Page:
There is no shortage of activities and attractions to enjoy during your stay. If I may be so bold as to offer a few suggestions, follow this link to read up on stuff to do in Scottsdale from a local’s perspective.
Now, if you are like me, you can’t help but toy with the idea of a second home purchase during the course of virtually every vacation you take. While those whims often fall by the wayside shortly upon returning home, they can make a lot of sense in Scottsdale’s case. I can only imagine how much you are spending per night in one of our five star resorts or furnished vacation rentals. If you plan on making an annual reprieve from the ice and snow a semi-normal thing, buying your own spot can be much more appealing than paying the hefty hotel tabs.
You can afford to stay longer, rent the place out when it’s not in use, and you get to sleep in your own bed.
Enough with the sales pitch, though. You wouldn’t have landed on this page if you weren’t already trolling vacation homes online. So without further ado, here are a few listing feeds created specifically with you in mind.
Low maintenance patio homes, gated condo / townhouse communities, homes near Old Town Scottsdale, homes near shopping centers, golf community homes, homes near attractions like Westworld and the Ice Den … it’s all just a bit further down the page.
See one you like? Call me and I’ll show it to you in five minutes. Okay, it might take slightly longer than that to set it up, but there is a message behind the hyperbole. I get very little rest during the high season. On call virtually 24/7 from January to May, I am here to help turn your pipe dream into reality.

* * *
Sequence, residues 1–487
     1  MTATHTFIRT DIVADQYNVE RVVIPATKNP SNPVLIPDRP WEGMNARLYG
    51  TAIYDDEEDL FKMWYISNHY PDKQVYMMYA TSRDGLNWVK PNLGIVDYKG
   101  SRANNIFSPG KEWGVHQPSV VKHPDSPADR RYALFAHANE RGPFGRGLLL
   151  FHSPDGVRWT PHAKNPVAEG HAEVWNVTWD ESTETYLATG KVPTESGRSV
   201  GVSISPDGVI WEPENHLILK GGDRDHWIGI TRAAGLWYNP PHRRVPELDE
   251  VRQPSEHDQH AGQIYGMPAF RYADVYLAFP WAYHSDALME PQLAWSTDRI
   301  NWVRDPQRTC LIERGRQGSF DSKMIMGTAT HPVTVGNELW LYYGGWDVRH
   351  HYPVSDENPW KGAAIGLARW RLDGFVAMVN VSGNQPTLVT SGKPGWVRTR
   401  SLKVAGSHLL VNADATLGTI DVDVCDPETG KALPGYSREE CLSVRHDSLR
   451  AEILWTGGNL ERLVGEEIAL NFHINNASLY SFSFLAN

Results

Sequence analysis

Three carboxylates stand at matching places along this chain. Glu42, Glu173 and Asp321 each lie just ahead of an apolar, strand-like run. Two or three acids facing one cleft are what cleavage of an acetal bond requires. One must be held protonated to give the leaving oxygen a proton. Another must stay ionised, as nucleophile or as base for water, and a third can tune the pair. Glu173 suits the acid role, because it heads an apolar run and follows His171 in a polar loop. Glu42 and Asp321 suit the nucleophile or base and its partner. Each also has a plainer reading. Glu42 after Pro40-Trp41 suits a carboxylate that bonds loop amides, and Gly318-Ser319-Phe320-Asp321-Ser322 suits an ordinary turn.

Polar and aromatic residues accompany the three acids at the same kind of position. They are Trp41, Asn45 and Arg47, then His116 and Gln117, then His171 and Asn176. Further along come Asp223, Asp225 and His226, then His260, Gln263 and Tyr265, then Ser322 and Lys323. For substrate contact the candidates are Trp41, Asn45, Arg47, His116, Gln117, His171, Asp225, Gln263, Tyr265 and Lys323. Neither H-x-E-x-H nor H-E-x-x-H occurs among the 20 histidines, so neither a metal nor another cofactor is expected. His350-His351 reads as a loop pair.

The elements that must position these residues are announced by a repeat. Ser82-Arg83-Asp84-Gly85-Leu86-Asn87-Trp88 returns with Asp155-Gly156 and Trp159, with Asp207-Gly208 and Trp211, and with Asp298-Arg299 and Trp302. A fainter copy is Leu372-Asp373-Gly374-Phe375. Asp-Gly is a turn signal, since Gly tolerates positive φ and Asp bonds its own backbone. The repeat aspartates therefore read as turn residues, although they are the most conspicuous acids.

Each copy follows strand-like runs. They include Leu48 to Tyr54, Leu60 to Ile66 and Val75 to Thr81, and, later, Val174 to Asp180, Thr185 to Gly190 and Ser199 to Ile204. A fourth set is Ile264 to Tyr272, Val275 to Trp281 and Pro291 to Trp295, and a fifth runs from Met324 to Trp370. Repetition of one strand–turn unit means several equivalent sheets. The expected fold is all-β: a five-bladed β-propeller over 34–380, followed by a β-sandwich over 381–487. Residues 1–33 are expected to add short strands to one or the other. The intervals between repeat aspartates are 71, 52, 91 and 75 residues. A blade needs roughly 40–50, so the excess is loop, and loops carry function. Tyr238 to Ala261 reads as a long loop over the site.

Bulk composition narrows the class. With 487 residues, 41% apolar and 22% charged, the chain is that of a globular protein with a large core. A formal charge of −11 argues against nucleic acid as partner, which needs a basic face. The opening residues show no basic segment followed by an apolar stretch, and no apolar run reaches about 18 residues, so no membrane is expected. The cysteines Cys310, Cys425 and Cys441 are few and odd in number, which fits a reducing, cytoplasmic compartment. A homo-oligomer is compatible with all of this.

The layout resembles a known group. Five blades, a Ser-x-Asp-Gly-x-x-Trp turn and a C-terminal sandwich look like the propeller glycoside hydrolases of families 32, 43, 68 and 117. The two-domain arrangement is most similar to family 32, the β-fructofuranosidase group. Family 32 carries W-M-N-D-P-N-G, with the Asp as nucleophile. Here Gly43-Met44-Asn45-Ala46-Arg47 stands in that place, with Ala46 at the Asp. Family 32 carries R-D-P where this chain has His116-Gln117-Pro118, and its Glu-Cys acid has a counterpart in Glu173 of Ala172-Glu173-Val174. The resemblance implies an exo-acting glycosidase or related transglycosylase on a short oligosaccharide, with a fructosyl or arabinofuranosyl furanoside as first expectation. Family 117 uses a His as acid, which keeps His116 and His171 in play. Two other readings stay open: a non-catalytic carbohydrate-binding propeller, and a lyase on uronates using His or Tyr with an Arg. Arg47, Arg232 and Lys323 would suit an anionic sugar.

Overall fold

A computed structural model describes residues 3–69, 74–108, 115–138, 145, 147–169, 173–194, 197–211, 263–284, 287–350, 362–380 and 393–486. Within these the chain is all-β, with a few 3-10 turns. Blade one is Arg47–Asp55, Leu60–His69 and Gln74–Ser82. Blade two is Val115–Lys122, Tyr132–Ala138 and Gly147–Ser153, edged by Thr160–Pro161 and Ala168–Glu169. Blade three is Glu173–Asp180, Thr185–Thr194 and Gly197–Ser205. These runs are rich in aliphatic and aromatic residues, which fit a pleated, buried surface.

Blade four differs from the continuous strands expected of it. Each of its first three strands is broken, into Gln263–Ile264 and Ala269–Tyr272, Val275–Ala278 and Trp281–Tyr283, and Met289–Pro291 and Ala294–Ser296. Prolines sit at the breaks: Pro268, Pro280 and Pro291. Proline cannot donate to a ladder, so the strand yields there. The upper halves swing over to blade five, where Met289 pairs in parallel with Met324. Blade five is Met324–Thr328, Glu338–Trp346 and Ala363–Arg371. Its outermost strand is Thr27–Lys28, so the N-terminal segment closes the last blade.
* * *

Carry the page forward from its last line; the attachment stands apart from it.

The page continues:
Old Town Scottsdale Homes
Homes Near Shopping Centers
Homes Near Salt River Fields
Homes Near Westworld
Homes Near the Ice Den
Not seeing what you’re looking for? Create your own custom home search here!
“Alright, alright. Mickey’s a mouse, Donald’s a duck, Pluto’s a dog. What’s Goofy?”
– Gordie, Stand By Me
Patio homes: what are they?
If you have been in Scottsdale for any period of time, or have been shopping for a home from afar, you have undoubtedly encountered the term patio home more than once.
You know what a single-family home is. You know what a condo is. You even know what a townhouse is.
But what the hell is Goofy?
The term, patio home, is not a legal descriptor. It does not describe a style of ownership. It is really more of an idea than a legal thing.
For brevity’s sake, we’ll define a patio here in accordance with prevailing wisdom. Most consider a patio home to be a cross between a townhouse and a single-family home; a hybrid, if you will. Patio homes bridge the divide between traditional housing types. You can think of a patio home like a single-family home that has been plopped onto a townhouse sized lot. That’s a gross oversimplification, of course, as patio homes come in all shapes and sizes, but this post is to serve as a handy crib sheet, not a thesis.
The idea is to provide housing with relatively low outdoor maintenance without sacrificing the size of the home itself. In other words, patio homes are tailored to those who still want the privacy and comforts of a single-family home, just not all of the headaches and expenses that come with the standard single-family lot.
The typical patio home may be attached to a neighboring property by one or two common adjoining walls (like most townhouses), or be free-standing (like most single-family homes). Many patio homes are single level, but they can have multiple levels, too. Patio homes typically do not have neighbors above or below them, as is common with apartment style condos.